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Beit Midrash Series P'ninat Mishpat

Chapter 231

Claim of Not Understanding a Provision of a Signed Document

Various RabbisNisan 5773
302
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[A common claim we hear in beit din is that the obligation written in a document signed by the defendant is not binding because he did not understand it. While we have often mentioned that this claim is generally not accepted, we will now take a closer look at the rule’s source and parameters.]
P'ninat Mishpat (575)
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231 - Claim of Not Understanding a Provision of a Signed Document
232 - “Balancing Payments”
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The Shulchan Aruch (Choshen Mishpat 61:13; ibid. 68:2; ibid. 45:3) and the Rama (Even Haezer 66:13) say that one is obligated by all that is written in a document signed by witnesses because witnesses would not sign if they did not see that the parties were aware of what was written in the document. The Rashba is cited as the source of this ruling, which is not a simple claim, as we will see by surveying some of his responsa, starting with the major one cited:
1) An ignorant husband said he did not understand one of the conditions in his wife’s ketuba. The Rashba quotes Rabbi Meir as saying we accept the husband’s claim. The Rashba did not like that position, as we can assume that the witnesses knew that he agreed and because according to Rabbi Meir, any agreement is vulnerable to being deemed worthless if it involves a party who can claim he is too ignorant to understand. The Rashba concludes the responsum by saying: "What can I do, for the elder (Rabbi Meir) has already ruled." The Beit Yosef (EH 66) objects to the Rashba’s humility and accepts his stated position.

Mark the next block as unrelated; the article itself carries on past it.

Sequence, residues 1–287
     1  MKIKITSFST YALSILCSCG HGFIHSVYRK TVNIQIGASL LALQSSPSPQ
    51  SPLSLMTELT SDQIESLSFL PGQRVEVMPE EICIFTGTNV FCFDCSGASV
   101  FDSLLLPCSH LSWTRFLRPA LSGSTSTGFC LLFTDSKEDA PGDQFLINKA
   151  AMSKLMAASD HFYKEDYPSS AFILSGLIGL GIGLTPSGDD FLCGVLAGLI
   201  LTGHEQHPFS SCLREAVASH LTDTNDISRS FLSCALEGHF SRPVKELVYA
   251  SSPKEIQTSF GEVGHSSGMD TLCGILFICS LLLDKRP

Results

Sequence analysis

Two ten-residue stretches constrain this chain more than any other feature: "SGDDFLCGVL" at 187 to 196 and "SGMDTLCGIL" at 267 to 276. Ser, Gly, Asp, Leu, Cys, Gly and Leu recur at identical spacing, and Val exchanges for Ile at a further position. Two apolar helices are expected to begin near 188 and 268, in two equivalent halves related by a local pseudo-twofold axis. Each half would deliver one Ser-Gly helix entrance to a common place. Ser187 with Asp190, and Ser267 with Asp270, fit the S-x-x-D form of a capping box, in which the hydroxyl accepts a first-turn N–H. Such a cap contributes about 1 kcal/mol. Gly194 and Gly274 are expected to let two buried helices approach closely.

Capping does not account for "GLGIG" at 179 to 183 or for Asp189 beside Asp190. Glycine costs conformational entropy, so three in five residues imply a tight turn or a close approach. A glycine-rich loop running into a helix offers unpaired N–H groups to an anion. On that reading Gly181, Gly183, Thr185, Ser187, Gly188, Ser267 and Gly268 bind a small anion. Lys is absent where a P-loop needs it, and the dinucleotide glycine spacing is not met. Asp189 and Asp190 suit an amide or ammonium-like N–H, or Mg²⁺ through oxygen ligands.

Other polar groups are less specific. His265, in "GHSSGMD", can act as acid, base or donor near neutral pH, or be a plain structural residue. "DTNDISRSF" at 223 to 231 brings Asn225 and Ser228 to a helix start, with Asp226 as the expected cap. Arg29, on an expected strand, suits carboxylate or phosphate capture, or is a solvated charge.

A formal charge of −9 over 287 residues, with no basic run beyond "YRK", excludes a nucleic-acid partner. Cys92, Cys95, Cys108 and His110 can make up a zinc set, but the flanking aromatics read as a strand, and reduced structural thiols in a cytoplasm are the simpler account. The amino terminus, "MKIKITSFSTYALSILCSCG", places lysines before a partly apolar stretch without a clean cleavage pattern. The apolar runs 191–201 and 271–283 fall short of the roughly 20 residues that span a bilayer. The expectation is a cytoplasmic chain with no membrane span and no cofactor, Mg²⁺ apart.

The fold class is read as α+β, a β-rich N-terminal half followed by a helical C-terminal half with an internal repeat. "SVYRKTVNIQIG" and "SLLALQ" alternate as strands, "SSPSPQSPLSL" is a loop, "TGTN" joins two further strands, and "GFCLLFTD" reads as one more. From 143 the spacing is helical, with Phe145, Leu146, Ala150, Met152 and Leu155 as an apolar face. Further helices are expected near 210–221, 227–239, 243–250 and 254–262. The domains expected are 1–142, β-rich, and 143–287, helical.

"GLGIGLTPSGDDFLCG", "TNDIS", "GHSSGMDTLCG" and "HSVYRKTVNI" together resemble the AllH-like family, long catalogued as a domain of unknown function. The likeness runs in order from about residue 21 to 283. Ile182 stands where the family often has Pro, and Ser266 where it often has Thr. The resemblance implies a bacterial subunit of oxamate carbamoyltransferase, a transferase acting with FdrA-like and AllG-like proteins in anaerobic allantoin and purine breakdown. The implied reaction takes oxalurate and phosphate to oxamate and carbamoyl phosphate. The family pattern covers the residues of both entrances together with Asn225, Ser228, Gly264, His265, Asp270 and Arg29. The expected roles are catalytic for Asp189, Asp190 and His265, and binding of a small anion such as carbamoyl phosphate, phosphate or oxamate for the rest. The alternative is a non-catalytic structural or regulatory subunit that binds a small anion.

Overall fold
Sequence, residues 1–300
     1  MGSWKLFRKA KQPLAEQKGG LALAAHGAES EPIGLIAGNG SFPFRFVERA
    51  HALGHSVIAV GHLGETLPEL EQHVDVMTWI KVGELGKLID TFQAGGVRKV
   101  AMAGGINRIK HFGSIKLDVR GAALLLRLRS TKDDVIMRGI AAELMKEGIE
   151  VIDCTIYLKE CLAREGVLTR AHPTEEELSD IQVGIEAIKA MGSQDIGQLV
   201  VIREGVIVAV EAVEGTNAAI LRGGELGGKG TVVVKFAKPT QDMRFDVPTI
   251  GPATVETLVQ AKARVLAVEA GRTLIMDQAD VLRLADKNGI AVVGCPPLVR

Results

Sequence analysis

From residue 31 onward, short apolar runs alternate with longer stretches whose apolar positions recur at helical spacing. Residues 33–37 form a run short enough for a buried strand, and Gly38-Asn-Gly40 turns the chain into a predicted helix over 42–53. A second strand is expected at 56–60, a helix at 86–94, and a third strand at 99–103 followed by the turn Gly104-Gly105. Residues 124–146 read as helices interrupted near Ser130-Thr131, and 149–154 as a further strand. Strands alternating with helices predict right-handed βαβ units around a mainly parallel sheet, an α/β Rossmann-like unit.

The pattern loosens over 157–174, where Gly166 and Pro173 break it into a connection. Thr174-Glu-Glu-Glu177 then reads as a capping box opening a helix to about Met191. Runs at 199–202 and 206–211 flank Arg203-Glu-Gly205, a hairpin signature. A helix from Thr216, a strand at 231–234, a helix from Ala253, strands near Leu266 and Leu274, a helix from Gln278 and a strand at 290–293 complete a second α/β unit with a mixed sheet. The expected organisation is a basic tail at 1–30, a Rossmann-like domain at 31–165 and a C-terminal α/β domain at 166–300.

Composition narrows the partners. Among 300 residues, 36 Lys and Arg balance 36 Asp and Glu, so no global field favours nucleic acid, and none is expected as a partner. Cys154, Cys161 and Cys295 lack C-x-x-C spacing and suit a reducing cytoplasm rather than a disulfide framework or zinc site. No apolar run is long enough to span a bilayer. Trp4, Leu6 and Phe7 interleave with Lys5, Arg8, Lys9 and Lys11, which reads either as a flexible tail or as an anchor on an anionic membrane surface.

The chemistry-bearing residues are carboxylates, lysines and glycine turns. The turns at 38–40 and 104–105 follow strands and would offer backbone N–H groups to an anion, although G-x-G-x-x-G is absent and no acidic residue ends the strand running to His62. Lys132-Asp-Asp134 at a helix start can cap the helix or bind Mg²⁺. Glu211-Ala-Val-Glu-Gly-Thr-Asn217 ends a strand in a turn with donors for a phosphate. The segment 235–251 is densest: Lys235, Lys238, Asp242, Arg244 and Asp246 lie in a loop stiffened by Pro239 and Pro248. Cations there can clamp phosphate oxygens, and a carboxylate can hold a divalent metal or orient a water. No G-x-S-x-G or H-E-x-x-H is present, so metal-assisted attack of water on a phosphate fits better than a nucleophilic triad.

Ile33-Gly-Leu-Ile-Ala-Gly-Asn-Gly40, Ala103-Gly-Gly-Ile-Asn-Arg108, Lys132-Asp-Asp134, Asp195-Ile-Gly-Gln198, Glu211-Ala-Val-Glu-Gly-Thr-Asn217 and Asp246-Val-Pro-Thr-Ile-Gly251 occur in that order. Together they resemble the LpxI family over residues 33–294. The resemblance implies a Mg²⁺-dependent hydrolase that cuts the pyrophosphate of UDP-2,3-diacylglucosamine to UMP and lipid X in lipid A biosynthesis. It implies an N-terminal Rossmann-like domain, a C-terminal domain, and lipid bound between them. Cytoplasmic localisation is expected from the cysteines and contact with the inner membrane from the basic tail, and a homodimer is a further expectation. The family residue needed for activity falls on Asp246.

2) Regarding a ketuba that limited the boundaries of a field set aside for a wife, the Rashba says that it is clear that a bride does not pay attention to the provisions of a ketuba but relies on others.
3) Repeats his thesis in opposition to Rabbi Meir’s ruling.
4) Certainly in a case where one relies on others and signs himself on a document he did not read, we say that he accepted upon himself everything that was written there.
#4 adds something new, almost opposite from the other responsa. The possibility that a party did not understand does not exempt him, as signing without knowledge is itself an acceptance of whatever might happen to be written.
There are different conjectures among the Acharonim as to whether the Rashba changed his mind and which of his positions is the final one. The Knesset Hagedola, though, suggests distinctions to reconcile the various responsa: 1. One cannot deny the validity of a major provision of a document but can do so regarding a relative detail. 2. Only in the case of a bride, where the circumstances lead to the assumption that she was unaware, would we believe that the document does not obligate.
In our case, neither of the limiting factors applies, as we are discussing a significant matter under normal circumstances. Furthermore, in a case where a person signs himself (as opposed to witnesses), the matter is even more binding (Shut Rav B. Ashkenazi 24).
There are rulings of dayanim and logic to confirm the approach that written obligations are binding as is, except in extreme cases, i.e., a case where the person who signed clearly did not know all the details included and it is illogical that he would agree to its conditions.
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